Sunday, December 29, 2013

Conversations With Juan

For the past two months, one member of my team at work has been a man named Juan*. He is in his late thirties and came to the U.S. from a developing country in South America. I carry photos of my sponsored girls in the front pocket of my safety vest, and that led to some very interesting conversations with him about the conditions he grew up with and how lucky he feels living in the U.S. and working for a company that provides health benefits for him and his family.

Our job is not glamorous. It is an entry-level, blue-collar position. We will never become wealthy doing it. But it is steady work, with guaranteed hours and pay raises each year, and some pretty awesome health, travel and retirement benefits. Juan tells me that once he couldn't have even dreamed of such a job.

He has described incredible gaps between the wealthy and the poor in his country--in health care, and in every other aspect of life. He owned one pair of shoes--dirty and full of holes--that he only wore for special occasions. His parents found work as they could and struggled to purchase enough food to keep hunger at bay. The only reason Juan was able to escape, he says, is because he taught himself from books and pamphlets to speak English and then got lucky to be hired for a position he wasn't really qualified for BECAUSE he could speak English ... which eventually led to the contacts he needed to obtain a position here in the States.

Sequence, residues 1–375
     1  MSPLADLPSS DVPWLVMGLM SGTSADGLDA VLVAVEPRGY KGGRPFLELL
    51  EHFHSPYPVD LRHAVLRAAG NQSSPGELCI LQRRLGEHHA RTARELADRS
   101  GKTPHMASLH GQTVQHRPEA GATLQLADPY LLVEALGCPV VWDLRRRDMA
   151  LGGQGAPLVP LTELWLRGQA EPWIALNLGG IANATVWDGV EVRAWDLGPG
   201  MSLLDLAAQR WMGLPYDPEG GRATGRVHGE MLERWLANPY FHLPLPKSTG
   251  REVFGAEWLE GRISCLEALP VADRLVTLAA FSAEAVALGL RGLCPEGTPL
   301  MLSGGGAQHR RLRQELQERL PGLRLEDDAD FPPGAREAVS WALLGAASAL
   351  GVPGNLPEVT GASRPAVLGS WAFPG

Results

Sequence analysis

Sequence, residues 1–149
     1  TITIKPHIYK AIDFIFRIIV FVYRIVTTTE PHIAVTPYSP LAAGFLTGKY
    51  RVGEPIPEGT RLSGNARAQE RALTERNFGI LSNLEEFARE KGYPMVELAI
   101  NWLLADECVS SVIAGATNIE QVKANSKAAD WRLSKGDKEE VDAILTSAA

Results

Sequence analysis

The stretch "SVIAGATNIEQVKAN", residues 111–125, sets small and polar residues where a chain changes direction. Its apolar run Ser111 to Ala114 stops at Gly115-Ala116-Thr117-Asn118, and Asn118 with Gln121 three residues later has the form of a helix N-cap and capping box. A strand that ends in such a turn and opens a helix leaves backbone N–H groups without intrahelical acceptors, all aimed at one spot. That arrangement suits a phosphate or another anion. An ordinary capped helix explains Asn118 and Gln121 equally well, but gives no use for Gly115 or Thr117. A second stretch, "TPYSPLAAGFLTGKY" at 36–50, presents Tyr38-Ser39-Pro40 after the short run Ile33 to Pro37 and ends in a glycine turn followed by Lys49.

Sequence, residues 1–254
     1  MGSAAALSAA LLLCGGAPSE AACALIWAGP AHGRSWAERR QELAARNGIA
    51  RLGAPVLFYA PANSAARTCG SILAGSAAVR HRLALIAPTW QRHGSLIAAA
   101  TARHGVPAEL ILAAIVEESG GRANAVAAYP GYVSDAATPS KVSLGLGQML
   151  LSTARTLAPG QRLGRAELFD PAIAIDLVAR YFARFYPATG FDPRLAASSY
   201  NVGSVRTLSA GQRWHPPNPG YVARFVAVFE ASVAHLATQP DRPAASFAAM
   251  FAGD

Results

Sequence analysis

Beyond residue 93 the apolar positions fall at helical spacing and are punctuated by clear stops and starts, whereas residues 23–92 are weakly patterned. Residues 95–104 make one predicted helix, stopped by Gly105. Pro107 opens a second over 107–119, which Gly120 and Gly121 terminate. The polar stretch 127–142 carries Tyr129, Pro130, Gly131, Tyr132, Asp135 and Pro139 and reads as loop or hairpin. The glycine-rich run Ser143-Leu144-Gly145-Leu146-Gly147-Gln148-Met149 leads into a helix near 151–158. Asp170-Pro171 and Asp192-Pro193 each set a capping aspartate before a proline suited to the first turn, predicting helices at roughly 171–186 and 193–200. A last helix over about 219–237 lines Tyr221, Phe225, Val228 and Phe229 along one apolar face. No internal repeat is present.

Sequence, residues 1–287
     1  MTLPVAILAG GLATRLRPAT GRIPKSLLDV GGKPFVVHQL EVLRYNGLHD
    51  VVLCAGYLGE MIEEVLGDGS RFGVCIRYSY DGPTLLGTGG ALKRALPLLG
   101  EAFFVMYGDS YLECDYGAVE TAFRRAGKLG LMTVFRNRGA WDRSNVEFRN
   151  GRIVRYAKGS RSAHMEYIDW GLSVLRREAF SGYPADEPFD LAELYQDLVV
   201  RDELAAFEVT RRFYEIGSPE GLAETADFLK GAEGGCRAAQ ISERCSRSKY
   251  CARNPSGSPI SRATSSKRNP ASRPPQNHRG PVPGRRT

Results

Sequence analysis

For people who don't or can't take some sort of initiative like he did, he says, there is no hope. Even when they DO try, it still takes an incredible amount of luck. Juan thinks he is the luckiest man in the world because he is able to put food on his table (700 miles away, where his wife and kids live in another state), send his kids to school, and buy them shoes. No matter how busy work gets (and during the holiday season, it's downright INSANE), he never has a word of complaint.

I've always known that the coworkers of ours who complain constantly and try to get by with doing as little work as possible don't appreciate how good we really have it, but after speaking with Juan I find myself wanting to smack them upside the head. At the very least, I wish they would take the time to sit down and listen to his story.

We all have difficulties and problems, but we should never take what we DO have for granted. Because there are people out there who would give anything to be us.

*name changed to respect privacy

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